Evan Kelly  10:11  
I understand. So when it comes to sort of putting this, this app and this website together, what sort of feedback have you received? I mean are you hearing from people in your community that are saying, "Hey, this is a great idea. I've tried sort of the online, regular online dating sites," if you will, like, you know, OKCupid, or something like that. Were they having less success through those type of sites? Do you have any any sort of data or insight on that?

Christie Faye Collins  10:40  
Yeah, I mean, I have a very simple 123, on a scale of one to three, how would you rate your experience with the dating apps, you've used, and on this specific survey, we don't have too many responses to go off of, but the overwhelming response, so 50% of responders said their experience is a 1 with other dating apps. 42% of responders say that their experience is a 2. And only one person said that their experience is a 3, like the best experience with other dating apps. So yeah, that's kind of more just numbers based. But the real feedback that we've been receiving is that dating apps are not personal enough, you don't get to see enough about the person to make an informed decision on whether or not you want to start a conversation with them even. And the conversations kind of just fizzle out into nothing. And you're left wondering if you should start the conversation again, or just move on. So there's a lot of bad, like communication issues with dating apps. And there's also design issues, accessibility issues. So bright colors, animations, pop ups that come up asking you to pay for different features. And like screen reader issues. A lot of people have problems with dating apps, most people who use screen readers and dating apps together, encounter some sort of issues, not having alt descriptions on the images, not being able to navigate the app easily, but still needing connections. So doing it anyway. And it just ends up being a really draining experience after all that. So yeah, overwhelmingly, the response has been quite negative toward other dating apps. And we're trying to collect all of that feedback in order to avoid the problems that other dating apps have created for people in the community.

Evan Kelly  12:54  
Gotcha. So I'm just gonna take a little quick break here right now for a PSA for the engineering health lab at KITE Research Institute. At the University Health Network, they are hosting a virtual conference on the national parks accessibility in Canada, this is a free event that will take place from August 23 to the 25th 2022, you can visit their website to register or submit an application as a speaker if you'd like, that's So that's all about making sure our national parks are accessible to everyone. And just a reminder, we are speaking with Christie Faye Collins, she has developed Nomi, a new dating apps, we're talking about online dating for the neurodiverse community. So obviously, starting a business like this is not cheap. I mean, you're doing a lot of the legwork yourself, are you are you doing this all on your own dollar? Are you seeking outside investment to make this happen?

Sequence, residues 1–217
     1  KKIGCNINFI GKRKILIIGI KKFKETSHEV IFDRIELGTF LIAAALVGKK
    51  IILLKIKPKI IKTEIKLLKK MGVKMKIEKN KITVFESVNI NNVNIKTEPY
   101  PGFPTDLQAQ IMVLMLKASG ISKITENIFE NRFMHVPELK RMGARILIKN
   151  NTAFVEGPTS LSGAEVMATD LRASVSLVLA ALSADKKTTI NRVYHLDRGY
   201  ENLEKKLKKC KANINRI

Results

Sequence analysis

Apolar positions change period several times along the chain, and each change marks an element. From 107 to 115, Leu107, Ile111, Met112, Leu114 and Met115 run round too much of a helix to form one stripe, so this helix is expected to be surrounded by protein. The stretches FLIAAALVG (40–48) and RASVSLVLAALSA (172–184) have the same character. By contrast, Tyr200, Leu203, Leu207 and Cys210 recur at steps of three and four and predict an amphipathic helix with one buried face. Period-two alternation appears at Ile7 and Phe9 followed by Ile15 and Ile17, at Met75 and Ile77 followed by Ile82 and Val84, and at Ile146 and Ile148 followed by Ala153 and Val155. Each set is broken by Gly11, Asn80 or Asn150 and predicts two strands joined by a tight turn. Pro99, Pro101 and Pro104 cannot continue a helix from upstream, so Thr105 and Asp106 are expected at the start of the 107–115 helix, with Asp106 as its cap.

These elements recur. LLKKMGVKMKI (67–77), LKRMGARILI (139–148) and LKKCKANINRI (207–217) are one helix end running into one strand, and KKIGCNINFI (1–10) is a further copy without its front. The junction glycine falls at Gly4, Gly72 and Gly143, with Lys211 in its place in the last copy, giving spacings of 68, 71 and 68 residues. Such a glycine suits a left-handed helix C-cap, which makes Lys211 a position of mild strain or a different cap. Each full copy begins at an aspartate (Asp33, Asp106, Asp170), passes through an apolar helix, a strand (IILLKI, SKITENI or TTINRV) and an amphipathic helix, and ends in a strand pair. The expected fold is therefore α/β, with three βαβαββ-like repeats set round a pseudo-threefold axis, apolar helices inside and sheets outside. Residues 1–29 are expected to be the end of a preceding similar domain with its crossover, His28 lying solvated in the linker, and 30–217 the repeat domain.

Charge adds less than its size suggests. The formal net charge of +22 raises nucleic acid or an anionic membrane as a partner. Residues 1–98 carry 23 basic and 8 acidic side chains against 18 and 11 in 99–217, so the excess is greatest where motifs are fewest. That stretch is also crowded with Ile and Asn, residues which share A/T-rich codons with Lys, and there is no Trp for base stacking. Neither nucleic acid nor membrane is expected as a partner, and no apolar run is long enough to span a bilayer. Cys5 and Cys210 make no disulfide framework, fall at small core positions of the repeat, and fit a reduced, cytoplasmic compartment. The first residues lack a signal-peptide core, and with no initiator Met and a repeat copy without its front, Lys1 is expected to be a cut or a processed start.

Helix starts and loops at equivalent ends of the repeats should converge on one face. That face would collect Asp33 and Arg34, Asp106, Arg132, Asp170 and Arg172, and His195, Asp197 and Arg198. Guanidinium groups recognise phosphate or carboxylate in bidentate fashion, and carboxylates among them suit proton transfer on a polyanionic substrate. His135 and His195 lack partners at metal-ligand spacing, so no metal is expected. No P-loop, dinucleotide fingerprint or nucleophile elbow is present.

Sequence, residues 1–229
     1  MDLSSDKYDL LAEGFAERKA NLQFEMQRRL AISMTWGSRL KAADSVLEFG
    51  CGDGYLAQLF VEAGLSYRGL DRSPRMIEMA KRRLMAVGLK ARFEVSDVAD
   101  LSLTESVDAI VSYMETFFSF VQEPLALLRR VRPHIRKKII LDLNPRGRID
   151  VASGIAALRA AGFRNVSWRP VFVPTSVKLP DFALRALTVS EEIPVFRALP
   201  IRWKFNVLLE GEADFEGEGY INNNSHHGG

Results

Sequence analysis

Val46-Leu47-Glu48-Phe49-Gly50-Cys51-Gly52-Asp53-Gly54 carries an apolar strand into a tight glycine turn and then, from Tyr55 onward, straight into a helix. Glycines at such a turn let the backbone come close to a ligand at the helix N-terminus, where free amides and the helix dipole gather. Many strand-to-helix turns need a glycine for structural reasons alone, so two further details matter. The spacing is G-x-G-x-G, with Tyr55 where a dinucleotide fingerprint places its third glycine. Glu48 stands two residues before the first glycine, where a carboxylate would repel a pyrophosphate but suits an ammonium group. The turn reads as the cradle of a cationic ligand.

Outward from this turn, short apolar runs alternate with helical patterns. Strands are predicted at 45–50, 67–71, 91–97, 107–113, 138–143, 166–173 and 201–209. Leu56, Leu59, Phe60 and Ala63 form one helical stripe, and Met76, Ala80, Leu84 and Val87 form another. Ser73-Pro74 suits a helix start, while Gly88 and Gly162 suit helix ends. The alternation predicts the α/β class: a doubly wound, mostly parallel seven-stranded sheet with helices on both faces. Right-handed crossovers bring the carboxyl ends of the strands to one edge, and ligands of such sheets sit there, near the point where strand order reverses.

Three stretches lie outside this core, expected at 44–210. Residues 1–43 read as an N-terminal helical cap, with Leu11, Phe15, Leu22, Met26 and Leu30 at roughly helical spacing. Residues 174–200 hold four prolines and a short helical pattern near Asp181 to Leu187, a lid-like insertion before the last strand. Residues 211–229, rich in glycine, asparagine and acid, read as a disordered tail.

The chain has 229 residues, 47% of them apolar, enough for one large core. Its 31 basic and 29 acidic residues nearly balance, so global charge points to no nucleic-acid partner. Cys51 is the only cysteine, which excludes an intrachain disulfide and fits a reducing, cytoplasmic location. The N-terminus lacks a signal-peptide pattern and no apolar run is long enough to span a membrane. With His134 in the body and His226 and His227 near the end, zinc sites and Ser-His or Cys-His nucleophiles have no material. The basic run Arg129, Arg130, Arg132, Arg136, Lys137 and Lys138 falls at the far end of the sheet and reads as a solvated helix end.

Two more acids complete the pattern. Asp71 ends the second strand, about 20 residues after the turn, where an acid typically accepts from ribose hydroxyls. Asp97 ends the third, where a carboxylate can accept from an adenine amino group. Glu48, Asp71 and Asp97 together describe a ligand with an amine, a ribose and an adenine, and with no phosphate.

Christie Faye Collins  13:52  
We are seeking outside investments. So at the moment, we are bootstrapping the whole thing. We're just putting together different bits of free software, anything that we can access for free or virtually free. And that will actually get us to a place where we can present that to investors. So once we have our functional prototype, we'll be able to say hey, this is exactly what we're going to create. We've done user testing, we know that people need this, and then they'll be able to invest knowing exactly where their money will be going. So that will hopefully be happening soon. Living is not cheap. So I will need money very soon anyway. So yeah, that will definitely propel us in the right direction once we have investment.

Evan Kelly  14:50  
So this is really meant to be a money making venture for you. This is going to be your job and your profession.

Christie Faye Collins  14:56  
It will be, yeah. Many startups don't have have actual revenue real income for a couple of years. So we'll have to ensure that we can sustain ourselves for the first couple of years. But eventually, we will be making revenue off of this. And we're also planning on hiring, so far, most of our team is disabled or neurodivergent. And we'll keep up that trend throughout our whole hiring processes. So the internal team will be compiled, comprised of the community who tends to have the lowest income in Canada. So yeah, we'll want to have enough money to be able to pay fair wages to our disabled neurodivergent employees, and for me to make a living, and hopefully be able to give back to the community in a big way as well.